'Kleiner Bär' (ii) was a German series of 99 convoys to deliver reinforcements, equipment and supplies from Feodosiya on the south-east coast of Crimea to Anapa on the south coast of the Taman peninsula to support Generaloberst Richard Ruoff’s 17th Army (23 February/30 May 1943).
The undertaking began with at first two to three but then five to six Marinefährprahm (naval ferry barge) craft of Fregattenkapitän Gustav Strempel’s 3rd Landungsflottille and from April on occasion also Korvettenkapitän Carl Mehler’s 5th Landungsflottille. The torpedoes fired by Soviet submarines, which included M-117, M-111 and L-4 against the eighth convoy 8 (22 March), 41st convoy (22 April), 88th convoy (18 May) and 92nd convoy (21 May) proved ineffective as they ran under the flat-bottomed MFPs. However, in air attacks on the 89th convoy (19 May), Soviet warplanes sank F 308 and F 367, and on the 99th convoy (30 May) sank F 332. Soviet motor torpedo boats did not seek to attack the convoys, and attempts by Soviet submarines to attack convoys off the Crimean coast were unsuccessful.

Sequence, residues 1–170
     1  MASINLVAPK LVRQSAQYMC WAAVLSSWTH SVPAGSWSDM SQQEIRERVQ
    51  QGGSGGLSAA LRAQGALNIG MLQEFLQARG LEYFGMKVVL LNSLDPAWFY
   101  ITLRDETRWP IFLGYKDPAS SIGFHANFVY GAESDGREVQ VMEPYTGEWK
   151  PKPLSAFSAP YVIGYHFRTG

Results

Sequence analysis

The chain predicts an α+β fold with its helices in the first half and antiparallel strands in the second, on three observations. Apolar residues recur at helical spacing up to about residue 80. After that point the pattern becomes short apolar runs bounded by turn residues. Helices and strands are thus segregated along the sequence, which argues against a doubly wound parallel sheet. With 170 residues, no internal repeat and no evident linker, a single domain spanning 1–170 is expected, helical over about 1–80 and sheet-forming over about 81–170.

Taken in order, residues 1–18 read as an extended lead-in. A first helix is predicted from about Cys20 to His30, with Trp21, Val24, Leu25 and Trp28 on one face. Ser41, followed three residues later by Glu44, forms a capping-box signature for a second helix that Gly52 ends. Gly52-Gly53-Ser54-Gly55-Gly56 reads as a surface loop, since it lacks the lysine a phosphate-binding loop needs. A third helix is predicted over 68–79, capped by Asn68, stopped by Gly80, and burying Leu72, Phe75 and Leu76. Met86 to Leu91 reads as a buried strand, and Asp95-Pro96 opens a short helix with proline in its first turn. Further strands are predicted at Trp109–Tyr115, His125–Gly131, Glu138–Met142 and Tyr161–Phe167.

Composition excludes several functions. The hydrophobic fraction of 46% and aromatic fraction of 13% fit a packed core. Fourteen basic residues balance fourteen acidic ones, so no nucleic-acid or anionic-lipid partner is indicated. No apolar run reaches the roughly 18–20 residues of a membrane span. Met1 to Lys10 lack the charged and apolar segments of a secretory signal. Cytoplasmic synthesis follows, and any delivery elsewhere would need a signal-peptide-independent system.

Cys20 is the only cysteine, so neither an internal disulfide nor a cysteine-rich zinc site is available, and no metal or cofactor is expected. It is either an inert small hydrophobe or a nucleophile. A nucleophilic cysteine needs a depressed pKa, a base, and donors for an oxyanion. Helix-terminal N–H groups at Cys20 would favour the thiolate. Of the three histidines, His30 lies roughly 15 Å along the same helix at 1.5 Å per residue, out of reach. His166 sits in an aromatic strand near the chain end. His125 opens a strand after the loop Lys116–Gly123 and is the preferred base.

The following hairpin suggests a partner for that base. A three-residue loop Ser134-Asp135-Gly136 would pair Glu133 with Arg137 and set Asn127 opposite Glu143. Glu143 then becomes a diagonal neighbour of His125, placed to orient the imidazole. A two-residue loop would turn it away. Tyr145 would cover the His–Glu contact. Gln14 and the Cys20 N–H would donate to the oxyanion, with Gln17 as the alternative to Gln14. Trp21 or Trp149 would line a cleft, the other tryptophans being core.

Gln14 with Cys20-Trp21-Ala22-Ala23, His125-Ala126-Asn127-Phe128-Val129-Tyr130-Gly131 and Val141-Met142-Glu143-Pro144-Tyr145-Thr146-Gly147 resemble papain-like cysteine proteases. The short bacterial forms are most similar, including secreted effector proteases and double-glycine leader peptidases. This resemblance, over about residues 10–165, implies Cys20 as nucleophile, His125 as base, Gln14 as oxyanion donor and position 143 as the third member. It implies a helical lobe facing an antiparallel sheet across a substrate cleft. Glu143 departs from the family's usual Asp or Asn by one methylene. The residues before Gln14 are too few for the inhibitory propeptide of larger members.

As an adjunct to their efforts against the 'Kleiner Bär' (ii) convoys, the Soviets also used submarines and torpedo bombers, although without success, in the Black Sea to the west of Crimea against German and Romanian convoys plying between Constanța in Romania and Sevastopol in Crimea. From April the Soviets established patrol lines with the submarines S-33, Shch-209, M-35 and M-112 in the Black Sea, and on 20 April S-33 sank the largest Romanian transport, the 6,876-ton Suceava, which was being escorted by the Romanian destroyer Regina Maria and three German motor minesweepers. The Romanian minelayer Amiral Murgescu and the German Romania laid several flanking mine barrages off Sulina and in the Bay of Odessa.